ESRB Mature

Fun for the whole family.

To switch gears for a minute, I’d like to point out that shootings and violence occurred in humanity’s past well before video games were invented.  While video games might heighten one’s adrenaline level and make them more likely to lose control, the same could be said for watching a violent movie or watching violent sports.  Were video games around during the holy wars?  Did Jack the Ripper play too much Call of Duty before going off on a tangent?  How many YouTube videos exist where kids do stupid wrestling stunts and end up getting severely injured?  I suppose you’re going to tell me that it wasn’t because they watched wrestling on television, but it was because they played too much Pro Wrestling on the NES?  Please.  It would be ignorant to claim that violent video games were the sole cause of school shootings or random acts of violence.  “Monkey see, monkey do” extends beyond the controller, folks.

Then there’s the subject of moderation.  “Dad’s Gaming Addiction” is a name I came up with intended as a joke, but it hits home more than I like to admit.  Sometimes I get too wrapped up in my work that I forget that this whole website was created as a hobby…as something I wanted to accomplish before I passed on.  By the same token, video games are not the only hobby in which people can go overboard. Reading, sports, partying, drinking, working out…all of these things can be harmful to an individual who doesn’t exercise moderation.  If you don’t believe me, ask ANY sports fan who visits an opposing team’s stadium.  Ask them to recount the insults and personal attacks made against them over a “game” that they weren’t even playing in directly.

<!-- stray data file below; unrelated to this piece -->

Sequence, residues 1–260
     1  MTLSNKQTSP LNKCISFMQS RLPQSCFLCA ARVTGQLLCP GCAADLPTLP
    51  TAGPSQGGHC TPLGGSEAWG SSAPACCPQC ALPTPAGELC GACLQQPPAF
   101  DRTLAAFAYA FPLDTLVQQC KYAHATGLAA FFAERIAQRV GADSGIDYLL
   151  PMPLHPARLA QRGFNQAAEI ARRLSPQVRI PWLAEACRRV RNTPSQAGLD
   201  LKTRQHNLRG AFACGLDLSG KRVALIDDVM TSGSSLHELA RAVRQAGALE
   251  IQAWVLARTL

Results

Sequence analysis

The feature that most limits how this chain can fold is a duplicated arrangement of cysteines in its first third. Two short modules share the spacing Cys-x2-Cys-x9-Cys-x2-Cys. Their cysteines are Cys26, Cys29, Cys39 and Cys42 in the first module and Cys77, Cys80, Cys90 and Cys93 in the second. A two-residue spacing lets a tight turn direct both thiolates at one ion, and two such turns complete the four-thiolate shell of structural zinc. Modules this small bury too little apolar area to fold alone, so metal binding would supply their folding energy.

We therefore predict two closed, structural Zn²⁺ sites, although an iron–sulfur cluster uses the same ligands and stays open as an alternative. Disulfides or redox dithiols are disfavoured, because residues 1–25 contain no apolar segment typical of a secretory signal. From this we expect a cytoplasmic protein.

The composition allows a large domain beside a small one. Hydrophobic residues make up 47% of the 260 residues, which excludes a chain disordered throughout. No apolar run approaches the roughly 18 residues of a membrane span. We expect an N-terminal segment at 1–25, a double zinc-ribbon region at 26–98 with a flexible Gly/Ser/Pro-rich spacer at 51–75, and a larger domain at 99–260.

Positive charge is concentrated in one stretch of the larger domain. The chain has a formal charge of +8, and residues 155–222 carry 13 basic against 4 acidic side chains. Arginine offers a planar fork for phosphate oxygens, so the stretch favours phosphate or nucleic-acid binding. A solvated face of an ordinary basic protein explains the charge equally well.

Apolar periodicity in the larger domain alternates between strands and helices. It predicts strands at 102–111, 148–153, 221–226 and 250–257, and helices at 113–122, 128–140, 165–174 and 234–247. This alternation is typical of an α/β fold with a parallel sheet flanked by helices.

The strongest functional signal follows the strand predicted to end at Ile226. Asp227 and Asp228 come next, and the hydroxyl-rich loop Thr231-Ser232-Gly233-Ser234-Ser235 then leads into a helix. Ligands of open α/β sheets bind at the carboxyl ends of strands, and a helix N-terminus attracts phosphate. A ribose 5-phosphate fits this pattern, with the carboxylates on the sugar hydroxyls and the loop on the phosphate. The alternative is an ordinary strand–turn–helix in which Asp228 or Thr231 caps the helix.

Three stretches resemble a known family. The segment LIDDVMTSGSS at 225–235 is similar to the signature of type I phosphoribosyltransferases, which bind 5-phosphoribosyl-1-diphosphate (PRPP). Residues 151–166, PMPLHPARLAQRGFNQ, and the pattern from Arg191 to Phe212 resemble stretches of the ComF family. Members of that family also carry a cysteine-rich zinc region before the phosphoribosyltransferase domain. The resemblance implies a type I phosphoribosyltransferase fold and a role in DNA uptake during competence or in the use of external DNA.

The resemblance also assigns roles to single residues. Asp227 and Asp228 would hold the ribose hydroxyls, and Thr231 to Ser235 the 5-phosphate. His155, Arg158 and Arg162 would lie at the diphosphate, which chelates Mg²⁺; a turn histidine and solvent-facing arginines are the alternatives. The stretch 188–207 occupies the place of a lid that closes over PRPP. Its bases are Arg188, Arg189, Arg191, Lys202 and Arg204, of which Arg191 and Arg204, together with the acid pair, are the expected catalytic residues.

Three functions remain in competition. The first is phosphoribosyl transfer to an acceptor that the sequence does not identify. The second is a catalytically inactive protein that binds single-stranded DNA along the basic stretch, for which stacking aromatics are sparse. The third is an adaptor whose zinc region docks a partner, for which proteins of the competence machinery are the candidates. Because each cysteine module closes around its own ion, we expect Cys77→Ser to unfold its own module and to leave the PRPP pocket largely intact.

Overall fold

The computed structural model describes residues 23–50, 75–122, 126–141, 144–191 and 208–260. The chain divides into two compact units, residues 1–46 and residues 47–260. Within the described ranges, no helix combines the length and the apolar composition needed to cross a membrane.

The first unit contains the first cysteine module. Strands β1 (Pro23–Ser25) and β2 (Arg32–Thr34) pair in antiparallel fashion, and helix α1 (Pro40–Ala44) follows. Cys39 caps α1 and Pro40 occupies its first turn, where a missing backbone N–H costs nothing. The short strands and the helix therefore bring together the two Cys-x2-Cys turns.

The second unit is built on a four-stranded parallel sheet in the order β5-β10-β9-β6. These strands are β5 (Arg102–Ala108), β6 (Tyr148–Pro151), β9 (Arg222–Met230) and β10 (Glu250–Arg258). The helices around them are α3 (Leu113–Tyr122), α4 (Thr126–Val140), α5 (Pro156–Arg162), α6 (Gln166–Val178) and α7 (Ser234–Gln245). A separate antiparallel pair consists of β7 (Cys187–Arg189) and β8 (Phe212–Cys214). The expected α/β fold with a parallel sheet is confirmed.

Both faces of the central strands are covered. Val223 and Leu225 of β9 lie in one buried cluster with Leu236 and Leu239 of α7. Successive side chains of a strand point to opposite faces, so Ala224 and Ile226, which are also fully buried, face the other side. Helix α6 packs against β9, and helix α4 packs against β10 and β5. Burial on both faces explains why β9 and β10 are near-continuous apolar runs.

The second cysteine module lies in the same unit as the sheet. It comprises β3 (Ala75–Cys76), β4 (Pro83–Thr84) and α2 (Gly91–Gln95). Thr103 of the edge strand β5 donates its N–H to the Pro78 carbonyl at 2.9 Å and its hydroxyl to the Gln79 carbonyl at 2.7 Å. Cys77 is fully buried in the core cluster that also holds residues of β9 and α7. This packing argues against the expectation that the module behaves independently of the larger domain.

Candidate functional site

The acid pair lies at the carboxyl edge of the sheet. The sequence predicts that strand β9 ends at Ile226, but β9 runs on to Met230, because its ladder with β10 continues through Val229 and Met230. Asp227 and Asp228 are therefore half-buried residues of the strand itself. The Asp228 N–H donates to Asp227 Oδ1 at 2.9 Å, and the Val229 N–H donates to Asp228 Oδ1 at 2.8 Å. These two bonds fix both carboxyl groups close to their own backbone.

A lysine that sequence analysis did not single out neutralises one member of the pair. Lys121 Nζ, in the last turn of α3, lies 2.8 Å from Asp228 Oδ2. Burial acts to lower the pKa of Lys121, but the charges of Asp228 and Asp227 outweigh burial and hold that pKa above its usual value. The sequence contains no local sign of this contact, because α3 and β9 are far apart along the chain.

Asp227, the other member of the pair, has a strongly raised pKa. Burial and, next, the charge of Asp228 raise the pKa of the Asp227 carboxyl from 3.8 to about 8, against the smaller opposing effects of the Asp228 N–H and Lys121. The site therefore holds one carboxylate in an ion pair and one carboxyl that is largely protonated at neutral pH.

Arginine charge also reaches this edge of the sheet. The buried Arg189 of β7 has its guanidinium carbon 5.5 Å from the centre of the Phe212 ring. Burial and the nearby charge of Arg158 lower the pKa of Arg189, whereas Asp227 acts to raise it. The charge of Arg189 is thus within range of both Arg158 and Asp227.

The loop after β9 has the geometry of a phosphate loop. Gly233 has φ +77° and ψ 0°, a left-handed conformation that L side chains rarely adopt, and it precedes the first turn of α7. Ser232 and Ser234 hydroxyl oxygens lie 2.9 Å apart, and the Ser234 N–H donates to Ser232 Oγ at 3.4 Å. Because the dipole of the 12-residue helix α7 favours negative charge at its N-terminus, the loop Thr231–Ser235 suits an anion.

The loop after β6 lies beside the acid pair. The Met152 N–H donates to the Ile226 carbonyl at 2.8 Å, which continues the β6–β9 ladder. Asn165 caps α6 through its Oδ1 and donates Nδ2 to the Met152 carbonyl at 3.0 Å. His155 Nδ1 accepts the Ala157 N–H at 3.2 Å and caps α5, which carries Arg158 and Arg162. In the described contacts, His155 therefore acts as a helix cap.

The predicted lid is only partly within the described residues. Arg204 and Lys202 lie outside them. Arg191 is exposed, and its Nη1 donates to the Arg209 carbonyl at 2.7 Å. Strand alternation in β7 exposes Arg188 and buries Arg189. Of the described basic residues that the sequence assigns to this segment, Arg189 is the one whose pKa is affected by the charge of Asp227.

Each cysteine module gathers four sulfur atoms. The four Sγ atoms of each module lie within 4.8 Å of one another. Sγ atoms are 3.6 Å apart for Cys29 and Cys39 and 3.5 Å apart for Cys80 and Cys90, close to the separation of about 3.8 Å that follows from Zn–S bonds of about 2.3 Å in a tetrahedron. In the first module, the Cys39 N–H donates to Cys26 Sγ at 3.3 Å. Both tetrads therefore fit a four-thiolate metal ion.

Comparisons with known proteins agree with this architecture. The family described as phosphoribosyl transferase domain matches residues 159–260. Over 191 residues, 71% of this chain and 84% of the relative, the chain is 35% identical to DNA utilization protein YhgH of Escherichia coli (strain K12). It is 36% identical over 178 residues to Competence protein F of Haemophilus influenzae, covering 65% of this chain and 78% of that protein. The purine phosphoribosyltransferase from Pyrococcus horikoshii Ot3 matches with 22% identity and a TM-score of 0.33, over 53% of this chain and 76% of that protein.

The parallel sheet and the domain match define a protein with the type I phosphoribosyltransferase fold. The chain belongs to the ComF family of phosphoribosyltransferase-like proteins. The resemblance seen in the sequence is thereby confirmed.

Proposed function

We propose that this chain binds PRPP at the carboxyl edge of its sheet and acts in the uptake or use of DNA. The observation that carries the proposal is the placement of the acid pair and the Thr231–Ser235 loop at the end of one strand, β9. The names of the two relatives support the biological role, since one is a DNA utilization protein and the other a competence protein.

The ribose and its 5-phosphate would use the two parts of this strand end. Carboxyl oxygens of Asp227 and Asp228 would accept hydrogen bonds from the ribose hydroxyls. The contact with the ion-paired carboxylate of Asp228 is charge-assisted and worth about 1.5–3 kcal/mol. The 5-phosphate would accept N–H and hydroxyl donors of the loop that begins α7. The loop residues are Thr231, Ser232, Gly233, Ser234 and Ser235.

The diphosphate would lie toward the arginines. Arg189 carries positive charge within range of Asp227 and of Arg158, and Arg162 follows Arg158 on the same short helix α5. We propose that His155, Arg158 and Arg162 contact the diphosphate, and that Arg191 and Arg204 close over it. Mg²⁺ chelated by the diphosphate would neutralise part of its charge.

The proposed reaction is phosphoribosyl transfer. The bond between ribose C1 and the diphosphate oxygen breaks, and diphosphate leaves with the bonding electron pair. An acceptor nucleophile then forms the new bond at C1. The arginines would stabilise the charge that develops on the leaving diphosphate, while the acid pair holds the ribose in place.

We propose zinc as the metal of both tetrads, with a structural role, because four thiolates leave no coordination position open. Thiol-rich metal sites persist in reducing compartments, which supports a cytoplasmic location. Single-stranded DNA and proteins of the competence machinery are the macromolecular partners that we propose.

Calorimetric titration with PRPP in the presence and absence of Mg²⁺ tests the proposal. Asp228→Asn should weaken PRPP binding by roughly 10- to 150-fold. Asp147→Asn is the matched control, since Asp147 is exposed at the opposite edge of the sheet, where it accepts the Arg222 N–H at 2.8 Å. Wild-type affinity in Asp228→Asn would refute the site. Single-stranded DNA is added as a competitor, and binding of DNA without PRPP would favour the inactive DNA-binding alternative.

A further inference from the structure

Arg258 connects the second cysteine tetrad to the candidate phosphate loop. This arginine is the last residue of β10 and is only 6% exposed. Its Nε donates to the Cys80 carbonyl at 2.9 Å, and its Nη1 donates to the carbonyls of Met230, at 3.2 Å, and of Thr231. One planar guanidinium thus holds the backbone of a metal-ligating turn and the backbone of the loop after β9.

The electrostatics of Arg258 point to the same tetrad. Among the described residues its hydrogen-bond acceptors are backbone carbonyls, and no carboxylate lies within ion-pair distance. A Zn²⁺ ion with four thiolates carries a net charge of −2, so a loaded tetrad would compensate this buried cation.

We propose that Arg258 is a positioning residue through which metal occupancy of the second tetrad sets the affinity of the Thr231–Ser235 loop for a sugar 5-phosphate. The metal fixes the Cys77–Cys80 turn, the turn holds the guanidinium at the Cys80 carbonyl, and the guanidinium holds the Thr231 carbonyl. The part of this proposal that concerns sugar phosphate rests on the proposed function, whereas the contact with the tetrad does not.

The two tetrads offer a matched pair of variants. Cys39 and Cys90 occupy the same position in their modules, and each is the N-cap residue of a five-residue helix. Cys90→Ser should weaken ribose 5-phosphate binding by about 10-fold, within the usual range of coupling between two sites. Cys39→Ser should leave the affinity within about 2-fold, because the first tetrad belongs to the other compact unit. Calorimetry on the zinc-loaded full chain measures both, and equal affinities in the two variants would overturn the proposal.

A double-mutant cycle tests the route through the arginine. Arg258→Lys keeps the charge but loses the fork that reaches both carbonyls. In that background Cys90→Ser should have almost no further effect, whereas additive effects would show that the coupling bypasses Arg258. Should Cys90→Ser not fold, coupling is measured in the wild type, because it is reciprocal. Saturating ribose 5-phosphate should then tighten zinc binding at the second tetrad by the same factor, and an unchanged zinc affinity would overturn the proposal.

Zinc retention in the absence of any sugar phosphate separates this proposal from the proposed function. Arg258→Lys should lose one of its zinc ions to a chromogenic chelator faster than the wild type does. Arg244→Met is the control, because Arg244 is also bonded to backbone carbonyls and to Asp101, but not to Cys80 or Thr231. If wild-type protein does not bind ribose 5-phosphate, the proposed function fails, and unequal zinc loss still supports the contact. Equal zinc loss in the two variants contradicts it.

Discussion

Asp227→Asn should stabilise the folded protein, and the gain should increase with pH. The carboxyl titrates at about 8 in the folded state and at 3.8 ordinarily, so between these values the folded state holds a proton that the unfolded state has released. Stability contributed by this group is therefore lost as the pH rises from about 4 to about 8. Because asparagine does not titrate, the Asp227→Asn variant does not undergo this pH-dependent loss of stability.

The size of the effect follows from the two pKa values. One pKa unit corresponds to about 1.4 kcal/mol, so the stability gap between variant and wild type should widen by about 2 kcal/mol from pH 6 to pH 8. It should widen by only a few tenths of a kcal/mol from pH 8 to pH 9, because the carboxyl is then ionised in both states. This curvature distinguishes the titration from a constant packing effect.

College Couch Burning

Couch burning in the name of your sports team is acceptable, but playing violent video games isn’t. Hmmm…

So what does this all boil down to?  Proper parenting.  Parents need to stay informed of their child’s activities and guide them appropriately.  While we can’t predict the behavior of an adult who hasn’t been educated on morality, we can make sure that we instill said morals into our own kids.  As human beings, we’re far from perfect, and anyone that claims to be so is deluding themselves.  If parents everywhere make a sincere effort however in educating their kids on morality, manners, and other important life values, it can help to ensure that mankind’s next generation will become mature enough to recognize fantasy from reality.

We gamers would be foolish to believe that violent video games couldn’t affect us, and you media folk and politicians would be foolish to think that video games are the sole reason for today’s senseless violence.  As individuals, we are responsible for our own actions.  Putting the blame on video games alone would not only be convenient, but allow you to cover up the fact that we, as human beings, have a lot of growing to do.  After all, it’s a lot easier to point fingers as opposed to looking in the mirror.

Bottom line?  If you haven’t taken an interest in what your kids are doing, be responsible and start today.  Children, especially the younger ones, look to YOU (the parent) for guidance.  Don’t let them down.